Mr Cruise has met with the NSW Parks and Wildlife Service, which has said it is working with an historian on the issue and will get a report by mid-year on whether the name should be removed.
Mr Cruise said: “Ben Boyd, in historical European documents, categorised Aboriginal people as vermin.
"To have such a thing as a national park named after him is completely wrong because National Parks is a body that amongst other things is responsible for the protection of Aboriginal cultural heritage.”
Historian John Blay, who has been working with the Land Council, said Boyd failed in his duty of care for the people he brought over to work for him.
“He wanted people to work with him for nothing and when the government wouldn't let him have convicts for free, he wanted the Aboriginal people to work for free … they wouldn't, of course. And they didn't. In the end, he set off to get Aboriginal peoples as virtual slaves from the new Hebrides and Vanuatu and all those places.”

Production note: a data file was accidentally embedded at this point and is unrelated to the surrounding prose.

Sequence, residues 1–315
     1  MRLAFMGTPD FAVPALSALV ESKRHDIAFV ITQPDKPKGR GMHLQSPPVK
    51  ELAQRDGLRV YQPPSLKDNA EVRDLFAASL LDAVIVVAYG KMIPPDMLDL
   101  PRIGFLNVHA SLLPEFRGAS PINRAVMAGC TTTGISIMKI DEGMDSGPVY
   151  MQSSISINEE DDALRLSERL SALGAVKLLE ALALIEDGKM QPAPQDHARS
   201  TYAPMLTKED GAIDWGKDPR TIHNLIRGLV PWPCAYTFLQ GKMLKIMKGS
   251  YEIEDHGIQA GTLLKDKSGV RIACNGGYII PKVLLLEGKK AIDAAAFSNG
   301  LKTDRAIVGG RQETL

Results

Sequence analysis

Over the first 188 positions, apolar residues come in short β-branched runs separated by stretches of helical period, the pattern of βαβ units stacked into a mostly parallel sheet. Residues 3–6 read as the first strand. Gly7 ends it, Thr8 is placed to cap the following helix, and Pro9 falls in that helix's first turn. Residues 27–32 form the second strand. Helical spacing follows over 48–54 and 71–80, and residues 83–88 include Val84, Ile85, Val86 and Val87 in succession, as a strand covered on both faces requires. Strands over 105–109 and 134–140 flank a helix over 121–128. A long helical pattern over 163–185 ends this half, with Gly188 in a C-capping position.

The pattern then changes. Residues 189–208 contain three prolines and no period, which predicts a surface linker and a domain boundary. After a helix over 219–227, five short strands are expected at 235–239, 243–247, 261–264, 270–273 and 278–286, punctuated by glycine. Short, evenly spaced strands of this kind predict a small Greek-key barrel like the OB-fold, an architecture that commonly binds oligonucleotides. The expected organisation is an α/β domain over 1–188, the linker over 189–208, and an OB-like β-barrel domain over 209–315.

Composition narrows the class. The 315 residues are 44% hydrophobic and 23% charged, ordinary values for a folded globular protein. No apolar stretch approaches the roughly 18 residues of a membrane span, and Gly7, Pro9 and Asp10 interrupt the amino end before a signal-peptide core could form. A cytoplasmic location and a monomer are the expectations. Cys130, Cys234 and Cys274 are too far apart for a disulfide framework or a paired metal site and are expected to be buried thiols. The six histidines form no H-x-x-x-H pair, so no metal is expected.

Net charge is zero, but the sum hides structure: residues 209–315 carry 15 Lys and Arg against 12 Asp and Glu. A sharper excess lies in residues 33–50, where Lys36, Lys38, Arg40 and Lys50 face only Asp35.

But historian Peter Ayling said claims Boyd was a slave trader were not supported by evidence.
“Whatever happens you can't write him out of history. If they change the name we'll still be portraying Ben Boyd with every piece of historical evidence we can get.”
Boydtown resident Stephen Holmes said he had once admired Boyd as a child, but then he became familiar with the true history.
“A lot of my ancestors were chained … they were chained in pig pens, in rain, cold weather, nothing. That hurts.”
The Point highlighted the new National Museum of Australia exhibition Unsettled, which features more than 100 contributions from Aboriginal people and aims to retell history through Indigenous voices and vision.
“Some people might be unsettled by the content but that's because Australia's history is unsettling,” said Laura McBride, the museum’s first Indigenous director.